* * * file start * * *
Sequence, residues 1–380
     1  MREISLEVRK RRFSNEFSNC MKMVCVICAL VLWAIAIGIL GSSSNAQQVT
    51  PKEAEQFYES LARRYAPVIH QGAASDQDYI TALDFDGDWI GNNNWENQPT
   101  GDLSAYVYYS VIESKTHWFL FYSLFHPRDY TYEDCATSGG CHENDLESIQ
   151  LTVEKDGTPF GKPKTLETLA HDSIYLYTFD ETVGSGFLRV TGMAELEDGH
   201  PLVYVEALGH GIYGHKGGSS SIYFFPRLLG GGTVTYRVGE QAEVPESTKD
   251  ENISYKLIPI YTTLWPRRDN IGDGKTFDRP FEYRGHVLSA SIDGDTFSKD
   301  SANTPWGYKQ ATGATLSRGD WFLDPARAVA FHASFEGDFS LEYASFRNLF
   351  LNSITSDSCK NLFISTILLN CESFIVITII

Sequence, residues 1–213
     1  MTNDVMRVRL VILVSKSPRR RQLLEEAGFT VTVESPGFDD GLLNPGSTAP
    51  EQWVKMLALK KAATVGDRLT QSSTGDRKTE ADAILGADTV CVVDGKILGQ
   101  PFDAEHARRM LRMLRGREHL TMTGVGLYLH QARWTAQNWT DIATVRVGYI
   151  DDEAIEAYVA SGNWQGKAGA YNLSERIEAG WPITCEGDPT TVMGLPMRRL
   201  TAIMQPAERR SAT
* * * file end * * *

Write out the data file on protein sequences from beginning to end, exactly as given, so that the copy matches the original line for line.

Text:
Sequence, residues 1–380
     1  MREISLEVRK RRFSNEFSNC MKMVCVICAL VLWAIAIGIL GSSSNAQQVT
    51  PKEAEQFYES LARRYAPVIH QGAASDQDYI TALDFDGDWI GNNNWENQPT
   101  GDLSAYVYYS VIESKTHWFL FYSLFHPRDY TYEDCATSGG CHENDLESIQ
   151  LTVEKDGTPF GKPKTLETLA HDSIYLYTFD ETVGSGFLRV TGMAELEDGH
   201  PLVYVEALGH GIYGHKGGSS SIYFFPRLLG GGTVTYRVGE QAEVPESTKD
   251  ENISYKLIPI YTTLWPRRDN IGDGKTFDRP FEYRGHVLSA SIDGDTFSKD
   301  SANTPWGYKQ ATGATLSRGD WFLDPARAVA FHASFEGDFS LEYASFRNLF
   351  LNSITSDSCK NLFISTILLN CESFIVITII

Sequence, residues 1–213
     1  MTNDVMRVRL VILVSKSPRR RQLLEEAGFT VTVESPGFDD GLLNPGSTAP
    51  EQWVKMLALK KAATVGDRLT QSSTGDRKTE ADAILGADTV CVVDGKILGQ
   101  PFDAEHARRM LRMLRGREHL TMTGVGLYLH QARWTAQNWT DIATVRVGYI
   151  DDEAIEAYVA SGNWQGKAGA YNLSERIEAG WPITCEGDPT TVMGLPMRRL
   201  TAIMQPAERR SAT